"Sir Roger Bannister, died peacefully in Oxford on 3rd March 2018, aged 88, surrounded by his family who were as loved by him, as he was loved by them," his family said.
"He banked his treasure in the hearts of his friends," they added, in a statement published by the Press Association news agency.
Bannister gained global sporting glory on May 6, 1954, when he ran a mile (1.6 kilometres) in three minutes 59.4 seconds at the Iffley Road track in Oxford.
Seb Coe, president of the International Association of Athletics Federations, said Bannister's death marked "a day of intense sadness both for our nation and for all of us in athletics".
"There is not a single athlete of my generation who was not inspired by Roger and his achievements both on and off the track," tweeted Coe, who won two Olympic gold medals in the 1980s.
Half a century later after Bannister's record, the Royal Mint celebrated the occasion by issuing a 50 pence coin showing an athlete's running legs against a stopwatch.
British Prime Minister Theresa May described Bannister as "a great British sporting icon whose achievements were an inspiration to us all".
"He will be greatly missed," she wrote on Twitter.
'Winning races was better'
Despite being famed for breaking the four-minute barrier, Bannister said he felt a greater sense of achievement winning gold at the 1954 Commonwealth Games in Vancouver, beating his great rival Australian John Landy in a race later dubbed the "Miracle Mile".
"Vancouver was the pinnacle of my athletics career. It is very difficult to break records during Olympic competition, but winning races was better than holding world records."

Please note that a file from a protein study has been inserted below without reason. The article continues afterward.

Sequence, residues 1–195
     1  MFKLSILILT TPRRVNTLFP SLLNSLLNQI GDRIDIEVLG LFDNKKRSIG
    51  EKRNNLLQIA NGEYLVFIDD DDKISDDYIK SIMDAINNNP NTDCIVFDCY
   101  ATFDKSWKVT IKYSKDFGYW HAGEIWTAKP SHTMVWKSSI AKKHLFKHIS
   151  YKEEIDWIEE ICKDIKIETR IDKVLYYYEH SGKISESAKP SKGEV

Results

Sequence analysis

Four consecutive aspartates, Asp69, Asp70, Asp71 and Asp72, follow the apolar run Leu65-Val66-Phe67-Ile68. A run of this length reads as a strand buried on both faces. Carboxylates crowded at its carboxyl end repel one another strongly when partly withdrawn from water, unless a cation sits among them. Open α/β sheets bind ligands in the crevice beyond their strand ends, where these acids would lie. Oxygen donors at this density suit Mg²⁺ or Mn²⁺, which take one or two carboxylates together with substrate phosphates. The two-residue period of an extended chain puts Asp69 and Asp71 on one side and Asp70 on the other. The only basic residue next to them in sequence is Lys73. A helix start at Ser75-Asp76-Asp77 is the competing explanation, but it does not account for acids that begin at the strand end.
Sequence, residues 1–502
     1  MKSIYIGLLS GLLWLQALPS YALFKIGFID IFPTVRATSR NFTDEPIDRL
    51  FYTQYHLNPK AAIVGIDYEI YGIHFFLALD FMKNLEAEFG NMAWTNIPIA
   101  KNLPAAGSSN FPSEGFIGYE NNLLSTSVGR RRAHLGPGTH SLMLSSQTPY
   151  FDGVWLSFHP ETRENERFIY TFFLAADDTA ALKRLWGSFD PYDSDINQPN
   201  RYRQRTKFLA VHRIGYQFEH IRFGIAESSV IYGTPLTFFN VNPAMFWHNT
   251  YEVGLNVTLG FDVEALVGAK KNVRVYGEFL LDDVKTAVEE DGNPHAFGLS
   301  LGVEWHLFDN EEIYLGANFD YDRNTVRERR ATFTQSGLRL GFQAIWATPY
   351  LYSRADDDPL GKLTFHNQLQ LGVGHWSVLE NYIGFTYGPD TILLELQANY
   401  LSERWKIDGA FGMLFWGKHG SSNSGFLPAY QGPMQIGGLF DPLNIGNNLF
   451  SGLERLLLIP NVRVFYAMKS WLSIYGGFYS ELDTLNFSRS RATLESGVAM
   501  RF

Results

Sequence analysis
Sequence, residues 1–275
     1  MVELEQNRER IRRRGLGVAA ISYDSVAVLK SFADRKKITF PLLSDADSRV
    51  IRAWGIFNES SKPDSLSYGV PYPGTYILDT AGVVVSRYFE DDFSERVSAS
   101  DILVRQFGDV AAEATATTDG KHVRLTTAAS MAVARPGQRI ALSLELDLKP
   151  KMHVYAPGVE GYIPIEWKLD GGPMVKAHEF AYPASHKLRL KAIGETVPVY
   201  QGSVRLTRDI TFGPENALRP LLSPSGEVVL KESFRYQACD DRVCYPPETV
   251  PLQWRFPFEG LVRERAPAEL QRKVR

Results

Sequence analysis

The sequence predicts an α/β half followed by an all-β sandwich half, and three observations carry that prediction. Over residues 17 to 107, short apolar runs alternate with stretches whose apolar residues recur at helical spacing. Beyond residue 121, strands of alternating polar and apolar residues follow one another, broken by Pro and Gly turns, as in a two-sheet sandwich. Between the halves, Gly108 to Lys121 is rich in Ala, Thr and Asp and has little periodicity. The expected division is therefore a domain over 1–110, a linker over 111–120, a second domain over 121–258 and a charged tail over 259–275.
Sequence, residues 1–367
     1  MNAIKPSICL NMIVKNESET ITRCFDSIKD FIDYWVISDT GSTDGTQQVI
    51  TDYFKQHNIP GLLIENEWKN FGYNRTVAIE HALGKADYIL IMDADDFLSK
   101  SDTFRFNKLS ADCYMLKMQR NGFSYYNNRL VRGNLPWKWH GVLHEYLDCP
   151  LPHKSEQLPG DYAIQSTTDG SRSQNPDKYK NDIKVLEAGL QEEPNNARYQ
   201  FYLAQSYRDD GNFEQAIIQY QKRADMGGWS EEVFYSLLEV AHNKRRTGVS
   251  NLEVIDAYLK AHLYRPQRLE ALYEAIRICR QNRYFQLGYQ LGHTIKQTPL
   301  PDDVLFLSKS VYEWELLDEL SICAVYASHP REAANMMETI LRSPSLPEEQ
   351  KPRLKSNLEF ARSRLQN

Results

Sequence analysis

The current one-mile record has since 1999 been held by Morocco's Hicham El Guerrouj with a time of 3:43.13 secs.
But Bannister's achievement has continued to inspire athletics enthusiasts, with the shoes he wore to break the four-minute barrier selling for a record.
The black-leather pair of shoes sold for £266,500 in September 2015 -- about $409,000 at the exchange rate at the time.
By then Bannister was having trouble walking, let alone running, after revealing he was suffering from Parkinson's disease.
The condition progressively damages part of the brain over time and is one Bannister was familiar with, even before he was first diagnosed a few years ago, from his lengthy career as neurologist.
"I am being well looked after and I don't intend to let it interfere -- as much as I can," he told the BBC in 2014.
"Just consider the alternatives -- that is the way I look at it," he added. "Intellectually I am not (degenerating) and what is walking anyway!"
(Except for the headline, this story has not been edited by NDTV staff and is published from a syndicated feed.)
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